1) Foster collaboration by acknowledging that both mentor and mentee need each other and both will trust each other in the process. Both parties rely on each other’s insights, experiences, and guidance to navigate the intricate pathways of personal and professional growth. The mentor offers wisdom, and the mentee provides fresh perspectives, creating a synergy that propels them forward on their journey.

2) Build learning through self-discovery. The mentor asks open-ended questions and digs deep to uncover what the mentee needs to know for the next role. The mentor’s role is not to merely provide answers but to guide the mentee towards their own realizations. This is achieved through open-ended questions that encourage introspection and exploration. By delving deep into discussions, the mentor helps the mentee uncover insights and skills they need for their next role. This process of self-discovery empowers individuals to take ownership of their growth, fostering a sense of autonomy and a deeper understanding of their unique strengths and capabilities.

3) Promote challenges. Growth comes from those times when individuals go beyond their comfort or go-to zones. The mentor’s role is to encourage the mentee to take calculated risks and explore uncharted territories. In doing so, they help the mentee expand their skill set and broaden their horizons. This process is akin to bending, not breaking. The mentor provides the necessary support and guidance to ensure that the mentee faces challenges with confidence, ultimately emerging stronger and more resilient from these experiences. Through these trials, individuals uncover their true potential and unlock opportunities for remarkable personal and professional development.

Mentoring builds cohesive teams.

From my firsthand experience, I have developed successful mentoring programs that align with the three strategic elements of cohesion: belonging, value, and commitment. In 2019, my Global Leadership Exchange (GLE) program created a unique mentoring opportunity between Cebu, Philippines and Charleston, SC. The GLE was recognized as an international development educator program and received a proclamation from South Carolina House of Representatives for being the first program of its kind in the state.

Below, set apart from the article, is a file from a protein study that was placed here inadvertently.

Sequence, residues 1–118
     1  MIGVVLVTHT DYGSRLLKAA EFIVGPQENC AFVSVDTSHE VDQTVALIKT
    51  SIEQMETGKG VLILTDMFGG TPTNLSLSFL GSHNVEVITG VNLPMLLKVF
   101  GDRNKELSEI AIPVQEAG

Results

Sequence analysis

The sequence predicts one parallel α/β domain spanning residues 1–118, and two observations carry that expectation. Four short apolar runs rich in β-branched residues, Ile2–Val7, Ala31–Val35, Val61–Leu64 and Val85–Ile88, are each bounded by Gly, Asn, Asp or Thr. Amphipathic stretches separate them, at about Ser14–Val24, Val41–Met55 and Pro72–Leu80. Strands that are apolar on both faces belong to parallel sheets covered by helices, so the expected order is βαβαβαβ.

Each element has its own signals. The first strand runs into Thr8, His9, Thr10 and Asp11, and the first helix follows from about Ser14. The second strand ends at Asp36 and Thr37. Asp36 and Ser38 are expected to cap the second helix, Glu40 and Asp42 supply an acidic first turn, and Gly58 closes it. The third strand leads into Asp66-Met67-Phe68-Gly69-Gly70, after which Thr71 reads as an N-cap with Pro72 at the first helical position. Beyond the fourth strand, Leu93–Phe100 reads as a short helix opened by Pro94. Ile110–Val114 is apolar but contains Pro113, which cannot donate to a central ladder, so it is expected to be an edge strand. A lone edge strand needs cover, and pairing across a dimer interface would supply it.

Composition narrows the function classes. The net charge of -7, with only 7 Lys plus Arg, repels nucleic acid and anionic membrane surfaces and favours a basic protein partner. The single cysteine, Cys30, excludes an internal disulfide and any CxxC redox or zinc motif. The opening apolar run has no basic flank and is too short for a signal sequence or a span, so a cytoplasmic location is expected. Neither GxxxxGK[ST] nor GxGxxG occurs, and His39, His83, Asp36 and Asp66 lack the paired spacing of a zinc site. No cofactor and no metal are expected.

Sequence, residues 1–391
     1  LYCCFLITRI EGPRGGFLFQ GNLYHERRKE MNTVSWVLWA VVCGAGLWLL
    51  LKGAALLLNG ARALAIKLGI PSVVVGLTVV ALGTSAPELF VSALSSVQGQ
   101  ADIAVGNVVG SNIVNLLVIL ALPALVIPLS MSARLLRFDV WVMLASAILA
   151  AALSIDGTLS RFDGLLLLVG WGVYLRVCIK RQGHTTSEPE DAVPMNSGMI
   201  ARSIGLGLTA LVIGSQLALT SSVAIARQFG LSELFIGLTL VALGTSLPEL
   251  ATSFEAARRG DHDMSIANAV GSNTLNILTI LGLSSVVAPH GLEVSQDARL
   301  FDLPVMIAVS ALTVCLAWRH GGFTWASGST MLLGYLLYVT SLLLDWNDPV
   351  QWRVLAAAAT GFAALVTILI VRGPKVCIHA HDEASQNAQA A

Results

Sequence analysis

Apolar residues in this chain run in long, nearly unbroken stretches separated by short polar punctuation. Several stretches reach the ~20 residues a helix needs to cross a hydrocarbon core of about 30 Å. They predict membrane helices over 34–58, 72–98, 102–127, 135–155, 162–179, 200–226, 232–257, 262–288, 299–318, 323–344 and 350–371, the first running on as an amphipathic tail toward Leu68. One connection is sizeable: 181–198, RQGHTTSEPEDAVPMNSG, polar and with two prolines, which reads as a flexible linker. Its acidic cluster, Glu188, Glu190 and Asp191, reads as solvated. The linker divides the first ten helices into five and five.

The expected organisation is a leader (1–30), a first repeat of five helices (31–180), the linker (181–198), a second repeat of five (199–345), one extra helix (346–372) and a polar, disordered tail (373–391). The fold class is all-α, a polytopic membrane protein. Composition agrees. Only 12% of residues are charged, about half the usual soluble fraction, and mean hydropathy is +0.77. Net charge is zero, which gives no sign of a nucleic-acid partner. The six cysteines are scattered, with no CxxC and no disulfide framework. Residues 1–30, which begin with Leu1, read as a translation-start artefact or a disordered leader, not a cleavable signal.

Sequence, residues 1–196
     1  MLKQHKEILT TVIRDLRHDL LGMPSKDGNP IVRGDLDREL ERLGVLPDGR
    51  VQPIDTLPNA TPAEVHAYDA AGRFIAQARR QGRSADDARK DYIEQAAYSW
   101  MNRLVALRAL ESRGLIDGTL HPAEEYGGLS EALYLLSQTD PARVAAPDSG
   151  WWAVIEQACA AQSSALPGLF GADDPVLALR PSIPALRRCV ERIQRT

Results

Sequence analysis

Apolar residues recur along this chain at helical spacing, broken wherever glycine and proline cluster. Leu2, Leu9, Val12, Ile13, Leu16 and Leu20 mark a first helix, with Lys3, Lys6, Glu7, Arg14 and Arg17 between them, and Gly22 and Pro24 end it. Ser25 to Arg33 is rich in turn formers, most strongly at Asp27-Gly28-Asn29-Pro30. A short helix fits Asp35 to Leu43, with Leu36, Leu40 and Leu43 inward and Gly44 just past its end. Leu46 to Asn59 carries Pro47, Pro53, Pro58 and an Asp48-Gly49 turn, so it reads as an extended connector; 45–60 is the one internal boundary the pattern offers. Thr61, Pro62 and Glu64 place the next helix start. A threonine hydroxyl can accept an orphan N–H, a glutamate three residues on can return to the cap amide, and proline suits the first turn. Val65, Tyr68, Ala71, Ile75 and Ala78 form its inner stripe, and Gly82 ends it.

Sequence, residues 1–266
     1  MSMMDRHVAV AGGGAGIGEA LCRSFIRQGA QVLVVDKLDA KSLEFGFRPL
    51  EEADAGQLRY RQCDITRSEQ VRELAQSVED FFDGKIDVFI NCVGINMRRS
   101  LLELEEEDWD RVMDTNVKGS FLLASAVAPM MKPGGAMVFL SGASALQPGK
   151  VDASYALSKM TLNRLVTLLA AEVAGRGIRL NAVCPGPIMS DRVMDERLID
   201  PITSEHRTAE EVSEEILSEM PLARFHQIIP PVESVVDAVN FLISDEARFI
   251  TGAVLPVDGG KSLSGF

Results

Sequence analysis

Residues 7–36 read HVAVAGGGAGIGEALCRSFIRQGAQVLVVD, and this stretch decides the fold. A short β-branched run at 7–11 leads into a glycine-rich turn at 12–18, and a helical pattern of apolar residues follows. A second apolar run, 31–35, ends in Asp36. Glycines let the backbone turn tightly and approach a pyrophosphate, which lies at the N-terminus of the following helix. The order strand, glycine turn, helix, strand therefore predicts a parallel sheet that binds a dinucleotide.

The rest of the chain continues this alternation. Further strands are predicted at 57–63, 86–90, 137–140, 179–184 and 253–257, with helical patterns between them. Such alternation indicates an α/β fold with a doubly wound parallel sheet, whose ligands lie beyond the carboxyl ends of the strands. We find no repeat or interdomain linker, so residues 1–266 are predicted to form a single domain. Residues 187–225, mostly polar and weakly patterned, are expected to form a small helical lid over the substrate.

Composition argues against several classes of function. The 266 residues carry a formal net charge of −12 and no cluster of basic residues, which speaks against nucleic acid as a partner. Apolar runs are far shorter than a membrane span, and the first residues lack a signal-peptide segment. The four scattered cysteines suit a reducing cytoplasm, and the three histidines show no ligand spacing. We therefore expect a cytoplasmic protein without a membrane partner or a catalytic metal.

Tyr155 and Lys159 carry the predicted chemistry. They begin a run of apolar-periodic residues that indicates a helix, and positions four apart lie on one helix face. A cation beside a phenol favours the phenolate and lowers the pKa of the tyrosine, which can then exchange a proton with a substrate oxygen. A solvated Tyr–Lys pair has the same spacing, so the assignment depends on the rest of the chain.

If you want employees to have a reason to stay, adopt a mentoring program that gives them a sense of inclusion, builds meaningful work, and offers plenty of opportunities for collaboration.

A well-structured mentoring initiative not only facilitates professional growth but also fosters a deep sense of belonging within your organization. When employees feel supported by mentors and engaged in a learning journey, they’re more likely to find their work meaningful and purposeful. This, in turn, leads to increased job satisfaction and a greater commitment to the organization’s mission.

Moreover, mentoring creates a collaborative environment where the exchange of ideas and experiences flourishes. It breaks down silos and encourages cross-functional cooperation, which can lead to innovative solutions and a more cohesive, harmonious workplace. In a world where talent retention is vital, investing in mentorship not only helps employees thrive but also enhances your company’s overall retention rates and competitive edge.

Ready to set up a mentoring program in your shop, connect with Dr. Troy for a “no-strings attached” outline on how to get a mentoring program started.

For more insight on this topic, please refer to these blog posts: